‘Butterflies are crucial for pollination, must be protected’

Manasi Saraf Joshi
Tuesday, 28 May 2019

While speaking to Sakal Times, he said, “The pollination cycle has been affected due to various factors. Just like bees, butterflies play a crucial role in the pollination cycle. Due to high use of insecticides and pesticides, the insects, which get attracted towards flowers, have been dwindling.

Pune: “Like bees, butterflies and other insects too need urgent help to save planet Earth. Pollinators, contribute to the growth of fruit, vegetables and many nuts, as well as flowering plants. World over, due to changing climate patterns and many other factors, the pollination process has been affected, disturbing the entire food chain,” said Ankur Patwardhan, head of ‘Annasaheb Kulkarni Biodiversity Department’ at Abasaheb Garware College.

Recently, Patwardhan won the ‘Elsevier Foundation- ISC3 Green and Sustainable Chemistry Challenge’ second prize worth 25,000 euros. His project was about the role of butterflies in pollination and in retaining the balance of nature.

While speaking to Sakal Times, he said, “The pollination cycle has been affected due to various factors. Just like bees, butterflies play a crucial role in the pollination cycle. Due to high use of insecticides and pesticides, the insects, which get attracted towards flowers, have been dwindling.

Nearly 90 per cent of all flowering plants depend on animal pollination, and that includes about 75 per cent of the world’s food crops. However, due to climate change, the blooming of flowers has been affected and it wilts early,” he said.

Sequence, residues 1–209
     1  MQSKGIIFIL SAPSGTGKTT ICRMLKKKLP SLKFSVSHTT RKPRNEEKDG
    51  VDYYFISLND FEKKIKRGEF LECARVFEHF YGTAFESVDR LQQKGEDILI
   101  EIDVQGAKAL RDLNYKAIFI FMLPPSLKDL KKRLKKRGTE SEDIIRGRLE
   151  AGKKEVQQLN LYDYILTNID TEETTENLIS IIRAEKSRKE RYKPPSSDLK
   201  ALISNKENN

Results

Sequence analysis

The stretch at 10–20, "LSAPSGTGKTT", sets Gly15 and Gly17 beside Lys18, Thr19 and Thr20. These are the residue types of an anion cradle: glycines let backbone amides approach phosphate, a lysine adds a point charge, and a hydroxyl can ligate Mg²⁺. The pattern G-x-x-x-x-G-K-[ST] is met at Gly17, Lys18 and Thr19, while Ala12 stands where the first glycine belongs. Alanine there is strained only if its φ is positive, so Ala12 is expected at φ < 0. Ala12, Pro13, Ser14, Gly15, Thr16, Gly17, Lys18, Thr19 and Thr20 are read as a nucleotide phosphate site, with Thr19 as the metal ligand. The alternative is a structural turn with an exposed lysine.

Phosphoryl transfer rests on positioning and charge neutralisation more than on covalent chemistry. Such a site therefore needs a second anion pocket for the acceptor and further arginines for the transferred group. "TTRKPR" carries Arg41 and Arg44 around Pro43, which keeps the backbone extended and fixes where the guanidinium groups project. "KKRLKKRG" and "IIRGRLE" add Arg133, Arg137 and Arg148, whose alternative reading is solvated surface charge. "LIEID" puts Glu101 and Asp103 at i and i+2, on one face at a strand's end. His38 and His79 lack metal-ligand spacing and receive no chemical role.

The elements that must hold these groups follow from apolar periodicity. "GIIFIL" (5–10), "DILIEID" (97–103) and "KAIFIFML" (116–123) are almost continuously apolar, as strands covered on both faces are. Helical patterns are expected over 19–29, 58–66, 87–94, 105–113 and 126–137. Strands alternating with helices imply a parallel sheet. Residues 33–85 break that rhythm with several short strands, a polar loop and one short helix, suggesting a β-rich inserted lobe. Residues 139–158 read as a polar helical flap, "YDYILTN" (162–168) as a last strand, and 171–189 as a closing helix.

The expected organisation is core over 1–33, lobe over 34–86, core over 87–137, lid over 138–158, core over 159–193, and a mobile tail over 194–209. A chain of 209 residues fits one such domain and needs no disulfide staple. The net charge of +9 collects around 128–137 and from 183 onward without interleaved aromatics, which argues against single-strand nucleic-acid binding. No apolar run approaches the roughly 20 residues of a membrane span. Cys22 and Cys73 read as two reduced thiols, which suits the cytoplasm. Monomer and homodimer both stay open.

He also mentioned that nearly 70 to 75 per cent of insects have been nearing extinction. Many of the species are in threatened category and if we continue with our policies, soon these species will be in endangered zone. 

“Nearly, 50 per cent of various species of butterflies have been nearing extinction,” he said, adding that over 70 to 75 insects species also are in the endangered zone. 

Patwardhan said that the bird, Puerto Rican spindalis (Spindalis portoricensis), is a bird endemic, as it feeds only on insects, and due to dwindling population of insects, the bird’s existence is threatened. Same was the case with few of the species of fish that feed only on aquatic insects. 

“Apparently, plants that depend on pollination make up 35 per cent of global crop production volume with a value of as much as $577 billion a year,” says a report released by United Nations.

Broad and Global Problems to Insect Loss
The main drivers of species decline appear to be in order of importance:
I)     Habitat loss and conversion to intensive agriculture and urbanisation; 
II)     Pollution, mainly that by synthetic pesticides and fertilizers;
iii)     Biological factors (pathogens, invasive species)
iv)     Climate change

‘Ecological Armageddon’

  • Flying insect numbers in Germany’s Natural Reserves have plunged 75 per cent in 25 years 
  • 98 per cent of ground insects, 80 per cent canopy insects vanished.
  • Frogs, birds declined simultaneously by about 50 to 65 per cent.
  • Loss of insects & pollinators – loss of enormous percentages of plants, birds, mammals, freshwater fish
  • Re-establishing pollinator-plant relationship has thus become an urgent need for maintaining ecosystem balance.
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